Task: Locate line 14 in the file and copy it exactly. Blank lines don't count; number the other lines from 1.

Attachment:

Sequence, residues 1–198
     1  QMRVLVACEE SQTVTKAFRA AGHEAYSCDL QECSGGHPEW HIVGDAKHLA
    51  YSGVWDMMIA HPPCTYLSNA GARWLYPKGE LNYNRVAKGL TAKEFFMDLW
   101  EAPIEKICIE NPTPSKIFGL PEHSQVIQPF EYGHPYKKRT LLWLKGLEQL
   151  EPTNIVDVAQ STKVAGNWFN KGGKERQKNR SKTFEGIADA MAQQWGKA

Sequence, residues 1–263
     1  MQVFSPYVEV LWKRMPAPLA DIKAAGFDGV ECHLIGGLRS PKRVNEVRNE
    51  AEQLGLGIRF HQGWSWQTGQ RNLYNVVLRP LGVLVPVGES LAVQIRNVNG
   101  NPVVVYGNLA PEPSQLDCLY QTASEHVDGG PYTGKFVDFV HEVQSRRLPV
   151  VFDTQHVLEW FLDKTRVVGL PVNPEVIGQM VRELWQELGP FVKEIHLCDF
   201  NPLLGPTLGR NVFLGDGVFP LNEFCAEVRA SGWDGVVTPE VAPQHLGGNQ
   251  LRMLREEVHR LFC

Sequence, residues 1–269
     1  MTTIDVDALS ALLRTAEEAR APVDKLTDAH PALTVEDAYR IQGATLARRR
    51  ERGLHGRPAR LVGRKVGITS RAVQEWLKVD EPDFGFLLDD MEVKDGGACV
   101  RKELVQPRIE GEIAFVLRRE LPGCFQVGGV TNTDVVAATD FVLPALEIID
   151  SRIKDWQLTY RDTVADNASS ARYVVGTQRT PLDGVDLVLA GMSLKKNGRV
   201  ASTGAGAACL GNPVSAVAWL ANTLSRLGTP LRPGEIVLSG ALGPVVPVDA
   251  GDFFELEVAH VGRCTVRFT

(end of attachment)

     1  MTTIDVDALS ALLRTAEEAR APVDKLTDAH PALTVEDAYR IQGATLARRR